Bonds driven to third straight gain by Eurozone woes

There is a firmer bid to bonds to start the week as demand for fixed income is once again vogue after a string of losses that drove yields up to a seven-month peak. Military frolics in South Korea also have the world awaiting a response from the North, but safe to say that investors have one eye on the safety of bonds with just two weeks before the end of the year. Bond prices are on the rise for a third straight day with the U.S. 10-year yield coming back sharply after visiting 3.56% last week.

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Eurodollar futures – March Treasury note futures have rallied again shaving another seven basis points off the yield to 3.27%. The New York Fed is expected to purchase $17 billion in two planned purchase commitments today. Deferred Eurodollar futures contracts are making double-digit gains in light of today’s slump in yields and as the yield curve flattens.

European bond markets – German bunds are having a strong day, although it’s not for the feint-hearted. A strong start to the session saw the March contract reach a session high of 125.28 before fears over ratings of European governments subsided. Conventional wisdom currently carries a seed of doubt that nations will face even more challenges in 2011 as they try to rollover maturing debt. The March contract pared gains to put in a session low at 124.67 before rallying back towards the day’s highs stripping four basis points off the German benchmark yield to 2.971%. Fears have surfaced that France is likely to become embroiled in the debt crisis that has thus far been felt largely by the peripheral nations. But with French banks holding the lion’s share of peripheral nations’ debt and the government needing to make greater inroads into its budget deficit, investors are growing concerned. Credit default swaps used to protect bond holders against the prospect of default have tripled during 2010 and imply a sovereign credit rating seven notches below the official rating awarded by Moody’s ratings agency.

British gilts – When yields around the world slide, so do those in Britain regardless of today’s shot across the bows from trade body, the Confederation of British Industry. It forecast that the central bank would be in rate-raising mood within six months as price pressures leave it with little alternative. For now the market is nonplussed by the words from the influential trade body. March gilt prices rose to 118.65 sending yields back to 3.50%. Short sterling futures also rose as European worries resurfaced. The CBI says that short rates will end 2012 at 2.75%, which would imply a three-month Libor at around 3%. In comparison, the December short sterling future implies a yield of 2.38% keeping it well at odds with the thoughts of the CBI.

Japanese bonds – Japanese yields were easier in response to the global rally for bonds on Friday. The March JGB future added just five ticks to close at 139.86 carrying a yield of 1.175%. Investors expect the Bank of Japan to spell out no changes in monetary policy along the horizon for as far as the eye can see when it meets this week.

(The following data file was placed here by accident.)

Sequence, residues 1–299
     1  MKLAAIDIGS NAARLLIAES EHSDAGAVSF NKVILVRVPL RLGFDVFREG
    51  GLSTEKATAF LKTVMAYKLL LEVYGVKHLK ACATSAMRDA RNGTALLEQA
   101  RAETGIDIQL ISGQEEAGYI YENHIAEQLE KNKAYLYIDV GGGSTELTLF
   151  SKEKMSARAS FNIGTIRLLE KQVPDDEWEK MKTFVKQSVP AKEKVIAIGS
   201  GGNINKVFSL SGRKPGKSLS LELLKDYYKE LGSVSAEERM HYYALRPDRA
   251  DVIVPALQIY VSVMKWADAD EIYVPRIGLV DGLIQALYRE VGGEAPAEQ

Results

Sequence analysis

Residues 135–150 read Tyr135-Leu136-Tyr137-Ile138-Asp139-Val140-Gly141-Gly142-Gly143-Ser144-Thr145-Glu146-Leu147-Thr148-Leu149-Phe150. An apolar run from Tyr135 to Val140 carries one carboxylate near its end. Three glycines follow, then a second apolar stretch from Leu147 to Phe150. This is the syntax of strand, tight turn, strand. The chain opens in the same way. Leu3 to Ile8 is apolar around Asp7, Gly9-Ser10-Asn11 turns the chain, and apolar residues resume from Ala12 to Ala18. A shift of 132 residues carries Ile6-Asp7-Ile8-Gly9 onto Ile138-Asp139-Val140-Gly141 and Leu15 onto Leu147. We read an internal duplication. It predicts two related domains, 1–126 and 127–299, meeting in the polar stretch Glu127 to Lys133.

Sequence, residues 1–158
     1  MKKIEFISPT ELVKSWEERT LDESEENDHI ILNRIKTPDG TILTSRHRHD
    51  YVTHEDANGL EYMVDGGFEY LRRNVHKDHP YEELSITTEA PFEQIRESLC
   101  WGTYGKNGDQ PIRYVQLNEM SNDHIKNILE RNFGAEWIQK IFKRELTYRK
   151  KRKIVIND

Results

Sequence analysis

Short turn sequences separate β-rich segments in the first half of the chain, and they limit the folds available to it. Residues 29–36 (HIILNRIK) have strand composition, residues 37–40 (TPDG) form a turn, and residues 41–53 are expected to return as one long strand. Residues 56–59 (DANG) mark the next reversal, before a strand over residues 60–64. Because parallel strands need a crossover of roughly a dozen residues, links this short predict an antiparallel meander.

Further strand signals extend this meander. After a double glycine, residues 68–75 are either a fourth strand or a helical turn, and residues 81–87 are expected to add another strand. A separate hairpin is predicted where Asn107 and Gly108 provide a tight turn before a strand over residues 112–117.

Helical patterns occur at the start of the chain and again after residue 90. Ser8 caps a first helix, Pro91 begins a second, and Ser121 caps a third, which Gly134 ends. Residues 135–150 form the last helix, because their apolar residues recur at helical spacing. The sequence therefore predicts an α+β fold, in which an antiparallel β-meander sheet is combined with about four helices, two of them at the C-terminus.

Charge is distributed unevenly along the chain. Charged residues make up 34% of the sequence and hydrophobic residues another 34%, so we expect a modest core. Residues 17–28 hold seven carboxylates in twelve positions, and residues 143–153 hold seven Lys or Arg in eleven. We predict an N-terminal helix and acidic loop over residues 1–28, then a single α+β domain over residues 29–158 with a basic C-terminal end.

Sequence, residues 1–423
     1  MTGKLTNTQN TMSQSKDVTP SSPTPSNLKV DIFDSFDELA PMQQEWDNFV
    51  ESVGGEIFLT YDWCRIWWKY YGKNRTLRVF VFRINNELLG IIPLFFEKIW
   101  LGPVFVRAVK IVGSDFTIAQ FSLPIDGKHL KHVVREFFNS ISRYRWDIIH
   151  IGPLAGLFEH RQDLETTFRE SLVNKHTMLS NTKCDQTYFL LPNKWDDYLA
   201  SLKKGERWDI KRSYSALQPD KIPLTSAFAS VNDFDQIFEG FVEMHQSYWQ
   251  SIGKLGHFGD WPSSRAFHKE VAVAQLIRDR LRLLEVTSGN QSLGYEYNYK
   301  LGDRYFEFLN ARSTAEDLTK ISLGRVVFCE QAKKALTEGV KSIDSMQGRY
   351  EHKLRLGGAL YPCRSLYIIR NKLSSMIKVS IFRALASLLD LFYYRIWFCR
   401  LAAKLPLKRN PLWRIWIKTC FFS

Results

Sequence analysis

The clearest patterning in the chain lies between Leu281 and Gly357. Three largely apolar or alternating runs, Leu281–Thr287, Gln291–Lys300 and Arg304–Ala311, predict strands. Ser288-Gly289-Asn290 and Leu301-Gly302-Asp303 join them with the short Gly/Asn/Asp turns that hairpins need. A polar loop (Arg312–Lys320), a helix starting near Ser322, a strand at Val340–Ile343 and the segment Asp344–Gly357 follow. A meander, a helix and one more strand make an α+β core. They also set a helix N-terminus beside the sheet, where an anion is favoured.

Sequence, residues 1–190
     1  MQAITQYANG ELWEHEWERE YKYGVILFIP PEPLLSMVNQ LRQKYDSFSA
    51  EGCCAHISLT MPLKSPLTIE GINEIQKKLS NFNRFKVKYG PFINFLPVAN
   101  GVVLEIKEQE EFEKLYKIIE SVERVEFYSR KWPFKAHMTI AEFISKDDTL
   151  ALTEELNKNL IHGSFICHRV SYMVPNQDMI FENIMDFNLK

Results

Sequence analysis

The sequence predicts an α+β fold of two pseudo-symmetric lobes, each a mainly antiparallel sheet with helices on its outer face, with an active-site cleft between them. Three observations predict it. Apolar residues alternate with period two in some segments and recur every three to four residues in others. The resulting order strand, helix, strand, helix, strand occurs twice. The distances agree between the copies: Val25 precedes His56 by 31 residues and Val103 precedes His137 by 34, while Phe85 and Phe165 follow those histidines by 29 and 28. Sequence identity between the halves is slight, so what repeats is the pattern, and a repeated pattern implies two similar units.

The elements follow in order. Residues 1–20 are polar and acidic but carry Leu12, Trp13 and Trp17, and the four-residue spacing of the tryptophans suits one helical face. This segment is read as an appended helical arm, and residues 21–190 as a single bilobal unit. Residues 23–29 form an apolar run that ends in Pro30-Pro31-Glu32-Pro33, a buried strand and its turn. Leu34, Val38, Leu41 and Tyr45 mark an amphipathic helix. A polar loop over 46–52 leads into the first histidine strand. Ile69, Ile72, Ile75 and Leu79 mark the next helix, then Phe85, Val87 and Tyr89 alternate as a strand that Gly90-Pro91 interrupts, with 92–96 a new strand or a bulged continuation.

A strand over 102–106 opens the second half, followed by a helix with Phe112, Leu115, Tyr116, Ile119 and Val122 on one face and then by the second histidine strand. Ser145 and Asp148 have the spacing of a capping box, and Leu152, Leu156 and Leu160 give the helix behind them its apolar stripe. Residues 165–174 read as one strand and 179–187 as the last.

Australian bills – Tension in the Korean peninsula edged some investors towards the safety of fixed income and depressed the Australian benchmark by six basis points to close at 5.51%. Shorter dated 90-day bill prices rose by just one basis points as investors await the minutes from the recent central bank discussion on interest rates.

Canadian bills – Canadian short-dated paper is underperforming its U.S. counterpart as implied yields decline by three basis points along the curve. Falls in yields at the 10-year are also less than on Treasury futures with the U.S. premium narrowing to 13 basis points.

Andrew Wilkinson is a Senior Market Analyst at Interactive Brokers LLC

Note: The material presented in this commentary is provided for informational purposes only and is based upon information that is considered to be reliable. However, neither Interactive Brokers LLC nor its affiliates warrant its completeness, accuracy or adequacy and it should not be relied upon as such. Neither IB nor its affiliates are responsible for any errors or omissions or for results obtained from the use of this information. Past performance is not necessarily indicative of future results.

About the Author
Andrew Wilkinson

Andrew is a seasoned trader and commentator of global financial markets. He worked for several London-based banks trading cash and derivatives before moving to the U.S. to attend graduate school. Andrew re-joins Interactive Brokers following a two-year stretch at a major Wall Street broker-dealer as their Chief Economic Strategist. His coverage of stocks, options, futures, forex and bonds regularly surfaces in global media, and over the last several years Andrew has made many TV appearances on Bloomberg, BBC, CNBC and BNN and Yahoo Finance.

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